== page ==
Pirelli World Challenge: O’Connell, Roush Jr. win Long Beach poles

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Johnny O’Connell earned the GT pole and Jack Roush Jr. did the same in the GTS class ahead of tomorrow’s Pirelli World Challenge race on the streets of Long Beach.

O’Connell (No. 3 Cadillac Racing Cadillac CTS-V.R) set a new GT track record with a time of 1:20.386, toppling the previous mark of 1:21.087 set by James Sofronas last year.

His Cadillac Racing teammate, Andy Pilgrim, will start alongside him on the GT front row after logging a time of 1:20.633.

As for Roush Jr. (No. 60 ROUSH Road Racing Ford Mustang Boss 302R), he too set a track record in GTS with his lap of 1:27.325. That eclipsed Andy Lee’s old record of 1:27.662, which was set last year.

Nic Jonsson (No. 36 Kia Motors America Kia Optima) earned P2 on the GTS grid for tomorrow’s race thanks to his time of 1:27.509. St. Petersburg GTS winner and defending GTS class champion Lawson Aschenbach qualified third with a 1:27.512 in his No. 1 Blackdog Speed Shop Chevrolet Camaro.

Fastest in the GT-A subcategory for gentlemen drivers was Nick Mancuso (No. 16 R.Ferri Motorsports Ferrari 458 Italia), who will start 7th on the GT grid after posting a 1:21.329.

World-ChallengeTV.com will stream tomorrow’s race starting at 7 p.m. ET, while NBCSN will air the race broadcast next Sunday, April 20, at 5:30 p.m. ET.

PIRELLI WORLD CHALLENGE – LONG BEACH
Qualifying Results

GT Class
1. No. 3 – Johnny O’Connell, Cadillac Racing Cadillac CTS-V R, 1:20.386, 88.1347 mph
2. No. 8 – Andy Pilgrim, Cadillac Racing Cadillac CTS-V R, 1:20.633, 87.864 mph
3. No. 61 – Anthony Lazzaro, R.Ferri Motorsports Ferrari 458 GT3 Italia, 1:20.698, 87.794 mph
4. No. 9 – Alex Figge, K-PAX Racing McLaren 12C GT3, 1:20.729, 87.760 mph
5. No. 21 – Andrew Palmer, GMG Racing Audi R8 Ultra, 1:20.964, 87.505 mph
6. No. 6 – Robert Thorne, K-PAX Racing McLaren 12C GT3, 1:21.144, 87.311 mph
7. No. 16 – Nick Mancuso(A), R.Ferri Motorsports Ferrari 458 GT3, 1:21.329, 87.112 mph
8. No. 14 – James Sofronas, Spyder/The Thermal Club Audi R8 Ultra, 1:21.629 86.792 mph
9. No. 2 – Mike Skeen, Hawk Performance Audi R8 Ultra, 1:21.756, 86.657 mph
10. No. 31 – Tim Bergmeister, EFFORT Racing Porsche GT3R, 1:22.137, 86.255 mph
11. No. 64 – Mike Hedlund, DragonSpeed/ESM Ferrari 458 GT3 Italia, 1:22.181, 86.209 mph
12. No. 10 – Henrik Hedman(A), DragonSpeed Ferrari 458 GT3, 1:22.422, 85.957 mph
13. No. 41 – Michael Mills(A), EFFORT Racing Porsche GT3R, 1:22.648, 85.722 mph
14. No. 44 – Brent Holden(A), GMG Racing Audi R8 Ultra, 1:23.146, 85.209 mph
15. No. 80 – Dan Knox(A), ACS MFG/Performance SpeedTech SRT Viper GT3R, 1:23.377, 84.973 mph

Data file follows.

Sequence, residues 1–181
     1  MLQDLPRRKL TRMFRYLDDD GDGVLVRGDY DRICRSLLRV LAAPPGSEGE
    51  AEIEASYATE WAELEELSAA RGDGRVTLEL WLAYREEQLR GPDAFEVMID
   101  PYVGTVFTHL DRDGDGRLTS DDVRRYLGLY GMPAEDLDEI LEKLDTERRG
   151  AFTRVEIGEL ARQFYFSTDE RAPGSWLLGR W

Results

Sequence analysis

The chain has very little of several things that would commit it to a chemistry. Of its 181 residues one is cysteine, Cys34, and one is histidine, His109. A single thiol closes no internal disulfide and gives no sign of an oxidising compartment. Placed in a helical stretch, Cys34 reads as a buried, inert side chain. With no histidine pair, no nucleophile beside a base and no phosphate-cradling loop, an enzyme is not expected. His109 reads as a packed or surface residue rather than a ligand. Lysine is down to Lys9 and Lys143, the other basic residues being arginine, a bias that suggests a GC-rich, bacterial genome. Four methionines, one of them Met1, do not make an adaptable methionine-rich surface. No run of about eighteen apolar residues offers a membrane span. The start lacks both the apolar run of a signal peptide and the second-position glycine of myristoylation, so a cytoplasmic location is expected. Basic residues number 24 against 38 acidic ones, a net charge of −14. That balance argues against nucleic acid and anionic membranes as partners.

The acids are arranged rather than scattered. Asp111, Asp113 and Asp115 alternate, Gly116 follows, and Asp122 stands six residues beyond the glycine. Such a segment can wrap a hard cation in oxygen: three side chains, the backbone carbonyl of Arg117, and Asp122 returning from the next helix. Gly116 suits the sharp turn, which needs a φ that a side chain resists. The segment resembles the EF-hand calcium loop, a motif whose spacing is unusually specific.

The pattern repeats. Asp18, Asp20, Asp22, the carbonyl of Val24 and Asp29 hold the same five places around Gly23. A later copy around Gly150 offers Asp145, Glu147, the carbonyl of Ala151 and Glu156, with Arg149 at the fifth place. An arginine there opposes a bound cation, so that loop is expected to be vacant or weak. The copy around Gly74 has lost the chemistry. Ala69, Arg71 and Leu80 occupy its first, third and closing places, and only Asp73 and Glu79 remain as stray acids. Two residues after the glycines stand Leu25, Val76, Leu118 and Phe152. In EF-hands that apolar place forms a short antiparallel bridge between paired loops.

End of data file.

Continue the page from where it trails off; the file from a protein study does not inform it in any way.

16. No. 32 – Bret Curtis(A), Spectra/United Steel/Valspar Audi R8 Ultra, 1:23.645, 84.700 mph
17. No. 99 – Jeff Courtney(A), Kenda/RecStuff.com Audi R8 Ultra, 1:24.058, 84.284 mph
18. No. 54 – Tim Pappas(A), Black River Caviar Mercedes AMG SLS GT3, 1:24.136, 84.206 mph
19. No. 15 – Tomy Drissi, The Amazing Spider-Man 2 Aston Martin GT3, 1:24.462, 83.881 mph
20. No. 95 – Bill Ziegler(A), Swisher Racing/GMG Audi R8 Ultra, 1:25.354, 83.004 mph
(A) denotes GT-A subcategory drivers

GTS Class
1. No. 60 – Jack Roush Jr., ROUSH Road Racing Ford Mustang Boss302R, 1:27.325, 81.131 mph
2. No. 36 – Nic Jonsson, Kia Motors America Kia Optima, 1:27.509, 80.960 mph
3. No. 1 – Lawson Aschenbach, Blackdog Speed Shop Chevrolet Camaro, 1:27.512, 80.958 mph
4. No. 33 – Tony Buffomante, Capaldi Racing/Ford Racing Ford Mustang Boss302S, 1:27.862, 80.635 mph
5. No. 73 – Jack Baldwin, RESET-MD/StopTech/Motul Porsche Cayman S, 1:27.871, 80.627 mph
6. No. 17 – Alec Udell, Watson Racing Ford Mustang Boss 302S, 1:28.297, 80.238 mph
7. No. 38 – Mark Wilkins, Kia Motors America Kia Optima, 1:28.328, 80.210 mph
8. No. 20 – Andy Lee, Crown7.com/BestIT Racing Chevrolet Camaro, 1:28.331, 80.207 mph
9. No. 52 – David Sterckx, BG Reach Out Worldwide Ford Mustang Boss 302S, 1:28.568, 79.992 mph
10. No. 02 – Drew Regitz, TRG-AMR North America Aston Martin GT4, 1:28.814, 79.771 mph
11. No. 96 – Brad Adams, VoodooMusic/DatDog/Yo MTVRaps! Ford Mustang Boss 302S, 1:29.206, 79.420 mph
12. No. 51 – Ric Bushey, Nissan/Motul/SPL/OSGiken Nissan 370Z, 1:29.436, 79.216 mph
13. No. 97 – Mitch Landry, VersaCrane/DeepSouth Ford Mustang Boss 302S, 1:29.558, 79.108 mph
14. No. 11 – Tony Gaples, BlackDog Speed Shop Chevrolet Camaro, 1:29.594, 79.076 mph
15. No. 01 – Don Istook, Forge Motorsports/Recaro Audi TTRS, 1:29.934, 78.777 mph
16. No. 40 – Geoff Reeves, BestIT/Bondurant School Chevrolet Camaro, 1:31.335, 77.569 mph
17. No. 75 – Erik Davis, Reach Out Worldwide Ford Mustang Boss302S, 1:31.611, 77.335 mph
18. No. 72 – Buz McCall, RESET-MD/StopTech/Motul Porsche Cayman S, 1:32.443, 76.639 mph
19. No. 34 – Nick Esayian, Natural Cures Aston Martin GT4, 1:34.147, 75.252 mph
20. No. 04 – Jorge De La Torre, TRG-AMR North America Aston Martin GT4, 1:37.469, 72.687 mph

SuperMotocross: Ken Roczen urgently needed change

Roczen change
Feld Motor Sports/MX Sports Pro Racing/Align Media
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Change can be frightening, but it is often exhilarating and Ken Roczen, a rider in his ninth season on a 450 bike, it was urgently needed.

Roczen ended the 2022 Supercross season with his worst performance in five years. After finishing outside of the top five in seven of his last eight rounds in the stadium series, well down the points’ standings in ninth, he decided to put that season on hold.